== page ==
On February 24 2014, the Supreme People's Court issued a decision over 360 v. Tencent, a dispute between China's IT giants Qihoo and Tencent over unfair competition practices. In the decision, the court stated that the freedom of competition and innovation can be guaranteed only if we don't infringe upon others' legitimate rights and interests and that orderly market environment and well-defined competition law and regulations will safeguard the sound development of China's internet industry.

China Industry and Commerce News ("Zhongguo Gongshang Bao" in Chinese pinyin), a newspaper administered by State Administration of Industry and Commerce, recently conducted interviews with a number of scholars, government officials, market analysts and lawyers on the subject of establishing market order in the internet industry. These people pointed out that efforts could be made in terms of improving relevant laws and regulations, increasing costs for violation, strengthening regulators' enforcement efficacy, enhancing businesses' sense of integrity and self-discipline and protecting consumers' legitimate rights and interests.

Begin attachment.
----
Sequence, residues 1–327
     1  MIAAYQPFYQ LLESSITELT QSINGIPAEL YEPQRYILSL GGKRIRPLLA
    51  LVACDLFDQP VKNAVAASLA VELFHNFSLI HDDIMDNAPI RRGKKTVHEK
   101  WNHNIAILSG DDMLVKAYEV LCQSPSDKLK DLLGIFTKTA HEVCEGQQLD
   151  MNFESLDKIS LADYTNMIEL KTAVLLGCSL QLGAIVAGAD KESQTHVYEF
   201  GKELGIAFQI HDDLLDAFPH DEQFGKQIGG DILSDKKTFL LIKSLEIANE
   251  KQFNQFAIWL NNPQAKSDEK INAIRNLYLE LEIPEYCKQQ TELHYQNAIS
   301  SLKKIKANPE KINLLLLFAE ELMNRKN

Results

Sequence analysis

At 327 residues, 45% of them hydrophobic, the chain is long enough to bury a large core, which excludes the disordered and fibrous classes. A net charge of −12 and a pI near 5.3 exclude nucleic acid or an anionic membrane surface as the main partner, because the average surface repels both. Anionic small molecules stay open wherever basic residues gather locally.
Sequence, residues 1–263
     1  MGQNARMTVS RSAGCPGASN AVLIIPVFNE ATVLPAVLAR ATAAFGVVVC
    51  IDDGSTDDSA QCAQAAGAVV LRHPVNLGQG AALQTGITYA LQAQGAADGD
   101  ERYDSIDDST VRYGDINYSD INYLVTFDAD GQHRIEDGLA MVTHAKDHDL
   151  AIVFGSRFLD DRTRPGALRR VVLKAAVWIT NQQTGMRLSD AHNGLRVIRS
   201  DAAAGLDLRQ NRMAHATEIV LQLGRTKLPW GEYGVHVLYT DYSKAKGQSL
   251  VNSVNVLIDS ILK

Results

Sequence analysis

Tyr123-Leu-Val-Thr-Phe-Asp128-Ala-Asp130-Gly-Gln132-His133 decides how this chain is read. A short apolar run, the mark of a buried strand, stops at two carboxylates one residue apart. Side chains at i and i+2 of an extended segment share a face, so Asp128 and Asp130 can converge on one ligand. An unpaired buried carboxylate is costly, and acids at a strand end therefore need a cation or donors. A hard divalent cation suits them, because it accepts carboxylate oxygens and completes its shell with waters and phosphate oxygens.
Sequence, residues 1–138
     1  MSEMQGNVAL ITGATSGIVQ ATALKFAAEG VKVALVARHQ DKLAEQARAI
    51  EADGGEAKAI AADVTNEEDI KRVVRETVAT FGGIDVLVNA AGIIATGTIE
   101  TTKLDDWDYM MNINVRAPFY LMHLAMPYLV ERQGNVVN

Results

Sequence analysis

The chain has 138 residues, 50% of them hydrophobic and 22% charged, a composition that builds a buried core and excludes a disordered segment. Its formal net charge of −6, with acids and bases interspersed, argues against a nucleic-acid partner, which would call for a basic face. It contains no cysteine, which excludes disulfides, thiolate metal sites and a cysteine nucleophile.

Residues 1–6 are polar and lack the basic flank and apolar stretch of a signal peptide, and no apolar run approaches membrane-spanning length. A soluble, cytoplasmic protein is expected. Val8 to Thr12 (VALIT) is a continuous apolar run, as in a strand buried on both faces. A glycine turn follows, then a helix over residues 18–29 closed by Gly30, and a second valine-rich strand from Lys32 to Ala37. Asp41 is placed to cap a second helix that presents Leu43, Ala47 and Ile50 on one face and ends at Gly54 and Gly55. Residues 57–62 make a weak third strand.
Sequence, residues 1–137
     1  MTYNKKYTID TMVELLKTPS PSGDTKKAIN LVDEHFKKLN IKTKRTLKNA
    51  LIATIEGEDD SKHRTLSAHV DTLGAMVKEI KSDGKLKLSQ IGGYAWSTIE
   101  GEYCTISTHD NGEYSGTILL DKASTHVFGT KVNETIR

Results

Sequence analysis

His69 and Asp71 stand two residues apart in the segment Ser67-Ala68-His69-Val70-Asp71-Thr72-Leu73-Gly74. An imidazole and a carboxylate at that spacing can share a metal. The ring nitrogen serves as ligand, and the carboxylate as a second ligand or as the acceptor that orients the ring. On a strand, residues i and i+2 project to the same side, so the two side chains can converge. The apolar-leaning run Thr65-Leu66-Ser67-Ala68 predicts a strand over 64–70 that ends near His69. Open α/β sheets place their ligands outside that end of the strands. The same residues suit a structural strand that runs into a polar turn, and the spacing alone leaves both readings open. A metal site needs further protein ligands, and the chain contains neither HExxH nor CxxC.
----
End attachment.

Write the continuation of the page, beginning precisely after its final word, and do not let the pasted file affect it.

Mr. Deng Zhisong, a partner from Dacheng Law Offices's capital market practice, said that despite the fact that more and more unfair competition cases in the internet industry had been tried in China's courts, the level of compensation or penalty ruled by the courts remained relatively low, leading to a vicious cycle of even more unfair competition practices. Besides, China's "Anti-Unfair Competition Law" did not expressly define what a claimant's "actual loss" should be. He suggested counting loss of business reputation as a fact justifiable for statutory damages, like what Germany, Japan and Taiwan had done.

The content of this article is intended to provide a general guide to the subject matter. Specialist advice should be sought about your specific circumstances.